Multidrop modbus network


Thread Starter

Eric Bossennec

In our automation project we need to link 7 modbus slaves which work only in an RS232 configuration. The modbus master is a GE FANUC plc module that can be configured in either RS232 or RS485 but the slaves are RS232 only. Is it possible to build a multidrop network in RS232 or do we have to build an RS485 network and add an RS485/RS232 coverter for each slave? any other suggestion?
There are a couple of alternatives to using RS-485 converters, but there is no reliable way to simply wire them all together.

One is to use an active port splitter/combiner. I think B&B electronics has one.

A second way is to use a Digi terminal server and configure the ports to send to each other. This can all be done in a single terminal server or in multiple terminal servers if it provides some other convenience. The Digi's can also convert serial Modbus to ethernet Modbus.

Fiber optic converters are yet another option.
Hi Eric,

You should know better than that - TIA/EIA 232 (formerly RS 232) defines the interface between precisely TWO devices (DTE and DCE). In a "null modem" configuration, it can be used to connect between two DTE devices. Any attempt to shoehorn 232 into a multidrop topology is a strech too far.

Your choice - RS485.


Jerry Miille

In my world, multi-dropping means that you can connect a single MASTER device (the one that originates a communication session) to multiple receiving devices or SLAVES. The MASTER transmitter connects to ALL the SLAVE receivers. This is permissible in RS232 connections (within loading limits).

ALL the SLAVE Transmitters must be connected to the MASTERS receive circuit in a multi-drop application. This is where the problem arises. Typically, there is no way to "disable" an RS232 driver. If you have more than one trying to transmit at the same time, or one trying to transmit and one just MARKing in place, then you can not communicate successfully.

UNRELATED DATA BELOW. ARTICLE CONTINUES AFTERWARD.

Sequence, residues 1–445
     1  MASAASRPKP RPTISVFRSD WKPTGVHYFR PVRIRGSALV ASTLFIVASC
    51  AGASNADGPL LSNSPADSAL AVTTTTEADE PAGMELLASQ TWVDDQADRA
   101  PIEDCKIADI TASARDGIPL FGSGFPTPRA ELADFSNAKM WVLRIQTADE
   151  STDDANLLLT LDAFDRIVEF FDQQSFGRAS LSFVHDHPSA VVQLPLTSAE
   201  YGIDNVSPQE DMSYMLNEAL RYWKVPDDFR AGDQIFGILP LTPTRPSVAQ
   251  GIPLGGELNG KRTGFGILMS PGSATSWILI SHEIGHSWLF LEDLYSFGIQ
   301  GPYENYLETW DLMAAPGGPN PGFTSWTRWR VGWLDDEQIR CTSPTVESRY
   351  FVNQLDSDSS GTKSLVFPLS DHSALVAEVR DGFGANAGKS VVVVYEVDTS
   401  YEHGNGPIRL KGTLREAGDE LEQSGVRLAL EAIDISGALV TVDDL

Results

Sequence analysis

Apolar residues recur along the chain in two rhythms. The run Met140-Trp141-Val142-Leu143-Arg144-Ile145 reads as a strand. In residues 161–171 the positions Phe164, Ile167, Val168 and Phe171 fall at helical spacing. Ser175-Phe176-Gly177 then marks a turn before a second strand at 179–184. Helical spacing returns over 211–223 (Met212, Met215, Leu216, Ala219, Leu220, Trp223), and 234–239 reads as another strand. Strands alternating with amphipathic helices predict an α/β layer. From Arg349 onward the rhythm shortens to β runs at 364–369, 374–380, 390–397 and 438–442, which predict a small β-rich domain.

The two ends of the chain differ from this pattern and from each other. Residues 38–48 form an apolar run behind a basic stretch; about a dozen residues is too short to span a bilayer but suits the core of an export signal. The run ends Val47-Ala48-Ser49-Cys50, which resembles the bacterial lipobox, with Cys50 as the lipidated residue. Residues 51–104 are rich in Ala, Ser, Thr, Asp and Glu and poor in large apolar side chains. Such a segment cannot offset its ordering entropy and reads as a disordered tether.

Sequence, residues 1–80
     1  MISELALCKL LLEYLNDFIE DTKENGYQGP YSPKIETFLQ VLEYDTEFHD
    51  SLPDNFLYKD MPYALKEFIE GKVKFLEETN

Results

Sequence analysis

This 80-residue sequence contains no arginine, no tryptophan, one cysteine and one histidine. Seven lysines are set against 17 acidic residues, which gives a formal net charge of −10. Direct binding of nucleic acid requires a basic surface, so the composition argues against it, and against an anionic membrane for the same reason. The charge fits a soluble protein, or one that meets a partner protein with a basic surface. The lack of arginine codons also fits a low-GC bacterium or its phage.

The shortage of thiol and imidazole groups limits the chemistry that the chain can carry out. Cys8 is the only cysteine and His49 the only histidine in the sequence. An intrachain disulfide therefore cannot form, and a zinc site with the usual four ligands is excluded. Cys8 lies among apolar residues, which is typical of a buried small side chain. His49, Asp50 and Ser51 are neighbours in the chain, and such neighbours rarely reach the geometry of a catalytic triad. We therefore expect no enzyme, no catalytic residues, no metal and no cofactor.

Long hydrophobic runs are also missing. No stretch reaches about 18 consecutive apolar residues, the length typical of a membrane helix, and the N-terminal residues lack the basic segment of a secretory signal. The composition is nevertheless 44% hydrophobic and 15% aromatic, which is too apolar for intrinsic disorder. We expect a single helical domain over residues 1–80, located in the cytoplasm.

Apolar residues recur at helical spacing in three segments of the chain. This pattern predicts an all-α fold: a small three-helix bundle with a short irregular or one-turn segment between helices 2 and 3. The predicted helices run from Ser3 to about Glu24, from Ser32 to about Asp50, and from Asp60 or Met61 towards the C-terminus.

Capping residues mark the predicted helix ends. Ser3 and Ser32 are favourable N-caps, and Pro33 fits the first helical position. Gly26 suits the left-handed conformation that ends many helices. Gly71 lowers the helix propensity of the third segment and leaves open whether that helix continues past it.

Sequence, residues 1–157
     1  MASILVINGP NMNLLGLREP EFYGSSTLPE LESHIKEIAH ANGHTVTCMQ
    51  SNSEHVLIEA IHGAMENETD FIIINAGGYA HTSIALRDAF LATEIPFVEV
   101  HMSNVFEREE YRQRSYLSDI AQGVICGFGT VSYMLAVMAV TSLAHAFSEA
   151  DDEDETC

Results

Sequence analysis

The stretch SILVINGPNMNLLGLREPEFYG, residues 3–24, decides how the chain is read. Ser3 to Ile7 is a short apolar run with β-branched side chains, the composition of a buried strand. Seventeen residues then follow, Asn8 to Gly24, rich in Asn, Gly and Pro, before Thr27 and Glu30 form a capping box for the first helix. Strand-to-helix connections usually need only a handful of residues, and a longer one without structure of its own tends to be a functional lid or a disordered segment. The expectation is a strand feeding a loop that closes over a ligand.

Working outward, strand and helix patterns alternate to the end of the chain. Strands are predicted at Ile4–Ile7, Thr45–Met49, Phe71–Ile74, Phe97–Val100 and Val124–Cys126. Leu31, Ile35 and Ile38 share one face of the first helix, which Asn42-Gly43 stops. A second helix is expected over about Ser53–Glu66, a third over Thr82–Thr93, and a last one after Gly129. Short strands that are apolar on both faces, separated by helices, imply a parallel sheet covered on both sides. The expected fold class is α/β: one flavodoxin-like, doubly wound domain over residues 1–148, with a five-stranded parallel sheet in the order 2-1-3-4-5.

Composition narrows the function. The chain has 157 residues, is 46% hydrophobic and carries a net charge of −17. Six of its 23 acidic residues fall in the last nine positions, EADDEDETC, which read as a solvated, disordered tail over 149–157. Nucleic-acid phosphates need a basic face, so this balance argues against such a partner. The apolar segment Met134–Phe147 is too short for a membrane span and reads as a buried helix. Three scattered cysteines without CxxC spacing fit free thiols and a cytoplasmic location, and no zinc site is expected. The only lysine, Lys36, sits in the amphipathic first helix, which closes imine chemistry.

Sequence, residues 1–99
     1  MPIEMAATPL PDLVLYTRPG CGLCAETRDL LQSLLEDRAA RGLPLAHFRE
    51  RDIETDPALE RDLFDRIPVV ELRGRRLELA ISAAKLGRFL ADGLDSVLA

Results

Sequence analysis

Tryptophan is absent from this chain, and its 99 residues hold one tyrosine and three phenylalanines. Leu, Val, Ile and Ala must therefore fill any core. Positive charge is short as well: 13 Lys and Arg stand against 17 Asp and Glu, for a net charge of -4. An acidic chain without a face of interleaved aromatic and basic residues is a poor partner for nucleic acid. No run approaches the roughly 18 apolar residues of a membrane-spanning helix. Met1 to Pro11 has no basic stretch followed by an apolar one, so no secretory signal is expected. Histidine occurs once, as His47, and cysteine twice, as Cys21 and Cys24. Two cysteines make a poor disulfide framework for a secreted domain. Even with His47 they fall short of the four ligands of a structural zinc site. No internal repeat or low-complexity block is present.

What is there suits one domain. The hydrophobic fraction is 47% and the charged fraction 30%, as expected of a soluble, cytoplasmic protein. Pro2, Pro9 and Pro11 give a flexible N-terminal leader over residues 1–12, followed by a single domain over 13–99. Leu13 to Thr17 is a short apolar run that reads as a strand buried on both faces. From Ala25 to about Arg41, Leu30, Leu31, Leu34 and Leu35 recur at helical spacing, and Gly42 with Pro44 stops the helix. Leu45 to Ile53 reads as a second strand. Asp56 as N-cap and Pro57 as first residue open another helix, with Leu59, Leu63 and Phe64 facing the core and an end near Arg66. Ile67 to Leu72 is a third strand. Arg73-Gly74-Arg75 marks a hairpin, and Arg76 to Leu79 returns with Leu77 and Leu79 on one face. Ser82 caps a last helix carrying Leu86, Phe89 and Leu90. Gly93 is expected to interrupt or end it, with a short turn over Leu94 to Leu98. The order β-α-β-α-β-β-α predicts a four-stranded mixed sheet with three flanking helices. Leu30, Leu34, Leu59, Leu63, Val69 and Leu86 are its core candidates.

By the specification, you cannot multi-drop RS232 devices.

In practice, you can, IF the equipment you use has RS232 DRIVER circuits that can be disabled. Some devices use this kind of driver but MOST EQUIPMENT does not. You can study the users manual for your MODBUS slaves to determine if your SLAVES can support this.

The solution is to use RS232 to RS422 or RS485 converters to eliminate this problem. This "solution" has potential problems, several of which are beyond your control. You do not specify if your Modbus network is using Modbus ASCII or Modbus RTU protocol. This can be a significant question because message framing is defined differently for each version of the protocol and the converters can affect this timing. Also, do your devices use the modem handshake line RTS to enable communication? Some converters use this line to enable their transmitters, others do not. Those that do not use the RTS signal have some sort of time out scheme to determine when to enable their transmitters and when to turn them off. This can be a major problem with Modbus RTU protocol.

You can contract me directly if you have additional questions at [email protected]

Jerry Miille
You have to build a RS485 network. So yes, you'll need a RS485 to RS232 converter for each Modbus slave.

B&B Electronics has them for about $70, and they work great.

- CH
It is possible to use a modem sharing device such as the one made by black baox. in this case you need to use a null modem connector for each modbus slave to connect to the network but it will work. the other method I have had success with is using radio modems in a master slave mode.
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